Ramon Hernandez Portraint painting
by sports artist John Robertson
50" x 70" acrylic on unstretched canvas
A Catcher is a Backstop With a Good Arm
Catcher Ramon Hernandez MLB Teams
I painted Ramon Hernandez, an excellent catcher (and could play first base) because he was such a great workhorse for any team he played for – and he did play for a number of them. Ramon with the Oakland Athletics (1999–2003), San Diego Padres (2004–2005), Baltimore Orioles (2006–2008), Cincinnati Reds (2009–2011), Colorado Rockies (2012) and Los Angeles Dodgers (2013. He moved around a lot but was always a great contributor to whichever team he played for. He has an interesting position to play.
Here’s a funny story about Joe Torre who, among a number of great achievements was a great catcher. He was once asked why he became a catcher. “When I was 16 years old, my brother Frank said, 'You'd better become a catcher, because you're too big and fat to do anything else.' Well, I took his advice. It was a quick way to get to the big leagues, and I've never regretted it.” Now Hernandez never made the choice because he was six feet tall and weighed in at around one ninety. That’s not big and fat. Also he was a good hitter with a two-sixty-three hitting average over his long career.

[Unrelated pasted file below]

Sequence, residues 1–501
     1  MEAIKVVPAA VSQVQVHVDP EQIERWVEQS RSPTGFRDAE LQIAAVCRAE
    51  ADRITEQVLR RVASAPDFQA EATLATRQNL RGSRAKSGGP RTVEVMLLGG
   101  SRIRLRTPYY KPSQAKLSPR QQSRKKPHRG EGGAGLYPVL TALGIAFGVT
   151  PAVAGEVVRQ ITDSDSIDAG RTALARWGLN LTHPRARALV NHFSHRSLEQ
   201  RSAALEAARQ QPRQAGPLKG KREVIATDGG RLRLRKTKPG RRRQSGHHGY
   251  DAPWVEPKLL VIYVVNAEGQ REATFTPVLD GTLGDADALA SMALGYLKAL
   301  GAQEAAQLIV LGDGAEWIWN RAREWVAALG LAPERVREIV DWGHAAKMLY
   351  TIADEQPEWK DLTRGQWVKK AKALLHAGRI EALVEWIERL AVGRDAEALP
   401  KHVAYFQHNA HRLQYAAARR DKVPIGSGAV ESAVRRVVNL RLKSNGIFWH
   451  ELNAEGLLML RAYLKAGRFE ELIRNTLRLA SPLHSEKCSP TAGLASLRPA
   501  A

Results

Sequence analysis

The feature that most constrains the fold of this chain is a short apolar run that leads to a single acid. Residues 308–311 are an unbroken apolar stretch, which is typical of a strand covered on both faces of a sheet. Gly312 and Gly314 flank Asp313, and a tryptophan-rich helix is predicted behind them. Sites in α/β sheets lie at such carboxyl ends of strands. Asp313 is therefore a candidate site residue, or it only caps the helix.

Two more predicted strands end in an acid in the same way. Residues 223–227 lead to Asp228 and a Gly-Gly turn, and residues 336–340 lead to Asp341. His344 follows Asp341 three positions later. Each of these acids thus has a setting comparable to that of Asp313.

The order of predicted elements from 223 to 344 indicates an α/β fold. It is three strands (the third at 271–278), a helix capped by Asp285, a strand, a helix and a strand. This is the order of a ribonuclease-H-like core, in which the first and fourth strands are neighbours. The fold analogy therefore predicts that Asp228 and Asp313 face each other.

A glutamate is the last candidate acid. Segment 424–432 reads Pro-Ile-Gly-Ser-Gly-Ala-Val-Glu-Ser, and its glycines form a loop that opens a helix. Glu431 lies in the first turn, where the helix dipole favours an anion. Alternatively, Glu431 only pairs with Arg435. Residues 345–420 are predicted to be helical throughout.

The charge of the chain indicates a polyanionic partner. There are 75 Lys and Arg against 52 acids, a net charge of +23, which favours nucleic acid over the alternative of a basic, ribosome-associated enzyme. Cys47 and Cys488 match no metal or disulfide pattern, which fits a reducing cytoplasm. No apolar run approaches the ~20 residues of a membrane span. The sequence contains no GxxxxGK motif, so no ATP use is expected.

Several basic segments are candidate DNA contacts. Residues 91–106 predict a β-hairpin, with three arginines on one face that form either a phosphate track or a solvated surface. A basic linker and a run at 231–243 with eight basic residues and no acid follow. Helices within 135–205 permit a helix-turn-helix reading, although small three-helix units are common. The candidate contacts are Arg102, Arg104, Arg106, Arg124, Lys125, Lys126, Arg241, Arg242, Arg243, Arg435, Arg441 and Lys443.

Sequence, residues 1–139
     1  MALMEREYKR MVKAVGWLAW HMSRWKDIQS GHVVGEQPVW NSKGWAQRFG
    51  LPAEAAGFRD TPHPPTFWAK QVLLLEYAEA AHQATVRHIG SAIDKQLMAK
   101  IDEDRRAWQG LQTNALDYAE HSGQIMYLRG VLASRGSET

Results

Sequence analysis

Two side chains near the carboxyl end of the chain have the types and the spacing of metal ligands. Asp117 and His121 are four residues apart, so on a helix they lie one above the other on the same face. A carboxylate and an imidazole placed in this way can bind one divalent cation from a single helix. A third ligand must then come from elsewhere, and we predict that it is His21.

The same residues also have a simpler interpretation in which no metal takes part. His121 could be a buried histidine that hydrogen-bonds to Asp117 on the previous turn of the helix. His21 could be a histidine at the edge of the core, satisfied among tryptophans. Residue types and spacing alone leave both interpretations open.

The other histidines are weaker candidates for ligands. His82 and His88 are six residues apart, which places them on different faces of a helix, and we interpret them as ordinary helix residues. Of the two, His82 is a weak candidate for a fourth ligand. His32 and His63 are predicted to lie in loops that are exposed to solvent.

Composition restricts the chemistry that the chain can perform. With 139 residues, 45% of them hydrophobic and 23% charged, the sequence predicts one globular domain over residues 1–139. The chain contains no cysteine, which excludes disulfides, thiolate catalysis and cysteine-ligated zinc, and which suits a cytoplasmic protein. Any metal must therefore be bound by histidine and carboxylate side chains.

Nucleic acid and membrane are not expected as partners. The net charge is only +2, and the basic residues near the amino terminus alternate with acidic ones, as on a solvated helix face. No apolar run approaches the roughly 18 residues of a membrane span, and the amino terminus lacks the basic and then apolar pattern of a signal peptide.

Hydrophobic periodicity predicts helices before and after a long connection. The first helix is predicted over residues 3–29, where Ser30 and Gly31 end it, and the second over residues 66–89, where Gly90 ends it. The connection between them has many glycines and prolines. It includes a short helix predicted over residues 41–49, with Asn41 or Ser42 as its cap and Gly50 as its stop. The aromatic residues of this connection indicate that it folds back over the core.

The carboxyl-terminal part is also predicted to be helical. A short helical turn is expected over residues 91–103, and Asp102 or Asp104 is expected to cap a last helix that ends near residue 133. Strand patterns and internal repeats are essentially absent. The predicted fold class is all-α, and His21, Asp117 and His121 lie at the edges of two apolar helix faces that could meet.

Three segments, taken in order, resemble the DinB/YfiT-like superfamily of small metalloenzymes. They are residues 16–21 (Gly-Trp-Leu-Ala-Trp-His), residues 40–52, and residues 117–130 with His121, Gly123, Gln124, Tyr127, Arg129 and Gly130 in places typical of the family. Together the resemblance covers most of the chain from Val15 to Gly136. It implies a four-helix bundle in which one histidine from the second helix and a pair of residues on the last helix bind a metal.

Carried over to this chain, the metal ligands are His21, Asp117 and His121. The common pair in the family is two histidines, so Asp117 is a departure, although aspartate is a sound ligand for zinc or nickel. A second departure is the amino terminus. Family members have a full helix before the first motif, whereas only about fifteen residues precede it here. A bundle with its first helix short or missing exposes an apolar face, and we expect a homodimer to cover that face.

Ramon Hernandez, like most catchers was the defensive leader on the field. He called the pitches and positioned players on the field and had a pragmatic view of baseball. The great pitcher Bob Feller said, "If you believe your catcher is intelligent and you know that he has considerable experience, it is a good thing to leave the game almost entirely in his hands."
Ramon had psychological insights and had a list of behaviors for each player approaching the batting box. His eyes were continuing to move across the field of play and his mind running the different offensive scenarios in his head. All of this going on with a baseball bat menacingly inches from his head. That is what good catchers did.